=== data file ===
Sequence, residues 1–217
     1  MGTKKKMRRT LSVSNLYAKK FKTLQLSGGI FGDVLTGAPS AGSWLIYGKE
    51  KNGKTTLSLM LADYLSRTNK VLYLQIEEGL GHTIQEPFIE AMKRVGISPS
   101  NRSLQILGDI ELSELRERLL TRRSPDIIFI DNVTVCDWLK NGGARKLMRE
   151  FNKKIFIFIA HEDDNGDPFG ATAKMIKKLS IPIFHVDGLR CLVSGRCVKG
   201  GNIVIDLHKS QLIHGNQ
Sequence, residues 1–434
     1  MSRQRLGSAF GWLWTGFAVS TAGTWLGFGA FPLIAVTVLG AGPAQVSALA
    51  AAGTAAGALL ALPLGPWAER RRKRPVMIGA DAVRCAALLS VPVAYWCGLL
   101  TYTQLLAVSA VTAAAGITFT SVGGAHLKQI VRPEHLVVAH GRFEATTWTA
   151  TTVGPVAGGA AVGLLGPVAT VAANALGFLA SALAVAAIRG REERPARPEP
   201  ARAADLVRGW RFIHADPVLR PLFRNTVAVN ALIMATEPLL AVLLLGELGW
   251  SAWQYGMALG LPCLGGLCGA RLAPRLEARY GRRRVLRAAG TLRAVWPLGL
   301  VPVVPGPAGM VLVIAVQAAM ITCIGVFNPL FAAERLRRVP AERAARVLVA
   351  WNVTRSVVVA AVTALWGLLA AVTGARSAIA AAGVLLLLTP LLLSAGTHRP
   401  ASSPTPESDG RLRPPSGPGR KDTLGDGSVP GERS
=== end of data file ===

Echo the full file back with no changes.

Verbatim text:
Sequence, residues 1–217
     1  MGTKKKMRRT LSVSNLYAKK FKTLQLSGGI FGDVLTGAPS AGSWLIYGKE
    51  KNGKTTLSLM LADYLSRTNK VLYLQIEEGL GHTIQEPFIE AMKRVGISPS
   101  NRSLQILGDI ELSELRERLL TRRSPDIIFI DNVTVCDWLK NGGARKLMRE
   151  FNKKIFIFIA HEDDNGDPFG ATAKMIKKLS IPIFHVDGLR CLVSGRCVKG
   201  GNIVIDLHKS QLIHGNQ
Sequence, residues 1–434
     1  MSRQRLGSAF GWLWTGFAVS TAGTWLGFGA FPLIAVTVLG AGPAQVSALA
    51  AAGTAAGALL ALPLGPWAER RRKRPVMIGA DAVRCAALLS VPVAYWCGLL
   101  TYTQLLAVSA VTAAAGITFT SVGGAHLKQI VRPEHLVVAH GRFEATTWTA
   151  TTVGPVAGGA AVGLLGPVAT VAANALGFLA SALAVAAIRG REERPARPEP
   201  ARAADLVRGW RFIHADPVLR PLFRNTVAVN ALIMATEPLL AVLLLGELGW
   251  SAWQYGMALG LPCLGGLCGA RLAPRLEARY GRRRVLRAAG TLRAVWPLGL
   301  VPVVPGPAGM VLVIAVQAAM ITCIGVFNPL FAAERLRRVP AERAARVLVA
   351  WNVTRSVVVA AVTALWGLLA AVTGARSAIA AAGVLLLLTP LLLSAGTHRP
   401  ASSPTPESDG RLRPPSGPGR KDTLGDGSVP GERS